As media gets bored with Obamacare, is public getting on board?
We have now passed several key milestones in the open enrollment cycle for the Affordable Care Act: The deadline to sign up for coverage that was effective in January, the due date to pay for that coverage, and the deadline to enroll in coverage that is effective this month. The latest update from the Obama administration is that more than 3 million consumers have signed up for coverage on the federal and state insurance exchanges. Unknown is how many have paid for their plans and how many of these enrollees are newly insured (as opposed to people whose coverage was canceled).
Periodically during this open enrollment cycle, we’ve checked in with experts to get past the sound bites so endemic in this heated political debate. This week, I talked to Dr. David Blumenthal, president of the Commonwealth Fund, a New York foundation that conducts health policy research and whose mission is to “promote a high performing health care system that achieves better access, improved quality, and greater efficiency, particularly for society's most vulnerable.” While the foundation does not endorse legislation, it is generally seen as supportive of Obamacare’s goals.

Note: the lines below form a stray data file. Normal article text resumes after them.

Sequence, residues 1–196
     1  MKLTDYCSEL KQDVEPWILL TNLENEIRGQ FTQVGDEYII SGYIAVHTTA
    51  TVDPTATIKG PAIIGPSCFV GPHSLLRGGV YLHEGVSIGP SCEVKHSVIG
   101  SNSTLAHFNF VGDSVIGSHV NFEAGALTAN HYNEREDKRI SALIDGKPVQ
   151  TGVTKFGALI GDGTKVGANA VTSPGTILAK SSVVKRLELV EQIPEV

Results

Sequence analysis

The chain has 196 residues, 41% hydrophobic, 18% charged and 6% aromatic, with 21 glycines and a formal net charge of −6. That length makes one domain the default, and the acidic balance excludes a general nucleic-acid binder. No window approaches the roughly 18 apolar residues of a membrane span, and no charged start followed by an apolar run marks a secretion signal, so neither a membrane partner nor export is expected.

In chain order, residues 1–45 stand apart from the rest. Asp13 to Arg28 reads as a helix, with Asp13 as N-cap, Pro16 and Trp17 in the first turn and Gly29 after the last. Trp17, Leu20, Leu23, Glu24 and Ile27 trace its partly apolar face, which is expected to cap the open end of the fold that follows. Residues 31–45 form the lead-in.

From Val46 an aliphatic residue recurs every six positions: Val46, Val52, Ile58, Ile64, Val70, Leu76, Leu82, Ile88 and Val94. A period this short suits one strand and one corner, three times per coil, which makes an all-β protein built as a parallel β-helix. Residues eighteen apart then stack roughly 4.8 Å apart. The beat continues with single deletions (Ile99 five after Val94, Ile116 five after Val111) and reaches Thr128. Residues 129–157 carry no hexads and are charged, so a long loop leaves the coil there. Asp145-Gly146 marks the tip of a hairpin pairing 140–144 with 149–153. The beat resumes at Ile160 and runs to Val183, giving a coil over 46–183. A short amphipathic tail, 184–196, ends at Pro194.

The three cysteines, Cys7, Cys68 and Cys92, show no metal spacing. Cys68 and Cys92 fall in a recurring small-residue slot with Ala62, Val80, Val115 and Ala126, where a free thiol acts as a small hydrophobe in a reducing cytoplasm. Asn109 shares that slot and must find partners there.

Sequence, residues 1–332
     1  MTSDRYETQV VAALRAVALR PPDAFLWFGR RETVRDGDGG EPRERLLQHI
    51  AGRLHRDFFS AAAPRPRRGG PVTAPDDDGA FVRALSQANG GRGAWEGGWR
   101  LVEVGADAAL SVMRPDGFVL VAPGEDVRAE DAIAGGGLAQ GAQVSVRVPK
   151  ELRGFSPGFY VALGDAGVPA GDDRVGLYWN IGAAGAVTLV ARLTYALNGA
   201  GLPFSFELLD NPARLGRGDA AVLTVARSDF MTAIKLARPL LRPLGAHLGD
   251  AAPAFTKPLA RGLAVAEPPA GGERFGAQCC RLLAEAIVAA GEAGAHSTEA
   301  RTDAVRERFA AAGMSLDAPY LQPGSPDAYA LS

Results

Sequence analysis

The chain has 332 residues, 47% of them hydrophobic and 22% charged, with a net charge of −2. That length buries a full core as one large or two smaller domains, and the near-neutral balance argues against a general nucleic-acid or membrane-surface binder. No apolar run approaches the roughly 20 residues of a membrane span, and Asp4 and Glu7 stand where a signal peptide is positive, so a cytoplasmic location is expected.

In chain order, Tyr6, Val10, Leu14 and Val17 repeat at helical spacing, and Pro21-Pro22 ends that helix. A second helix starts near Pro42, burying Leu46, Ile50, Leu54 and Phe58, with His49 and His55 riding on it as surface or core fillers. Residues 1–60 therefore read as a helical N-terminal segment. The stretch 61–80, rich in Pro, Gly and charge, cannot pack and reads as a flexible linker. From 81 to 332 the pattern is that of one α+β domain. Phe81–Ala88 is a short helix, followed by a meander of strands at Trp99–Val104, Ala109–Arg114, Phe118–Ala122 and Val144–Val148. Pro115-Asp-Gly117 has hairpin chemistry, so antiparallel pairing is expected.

Blumenthal was previously the national coordinator for Health Information Technology in the Obama administration. He is the brother of U.S. Sen. Richard Blumenthal, D-Conn.
The Commonwealth Fund has recently issued reports exploring Americans’ experiences with the health insurance exchanges and how states are implementing the act. The fund has a wealth of data that’s worth exploring. My Q&A with Blumenthal has been edited for length and clarity.
Q. It almost feels like after such a disastrous launch, folks have a bit of Obamacare fatigue. Is that a fair way of putting it?
A. I think that folks who cover this closely like you and the media, and maybe us in the cognoscenti world, may have a little bit of fatigue, but I think the American public is just learning about this law really. They’re getting past all the superficial characterization and the caricatures and beginning to understand what’s really in the law, whether it makes sense for them to seek coverage, and whether they are eligible for coverage. I actually think the uninsured still have a lot to learn about it, particularly in states where there has been a mass amount of misinformation and a conscious effort to prevent people from learning about the law. In fact, I think we’re not at the point of fatigue. We’re at the beginning of trying to introduce the public to the serious details of this legislation.
Q. Come March 31, what do you need to see to call this period a success?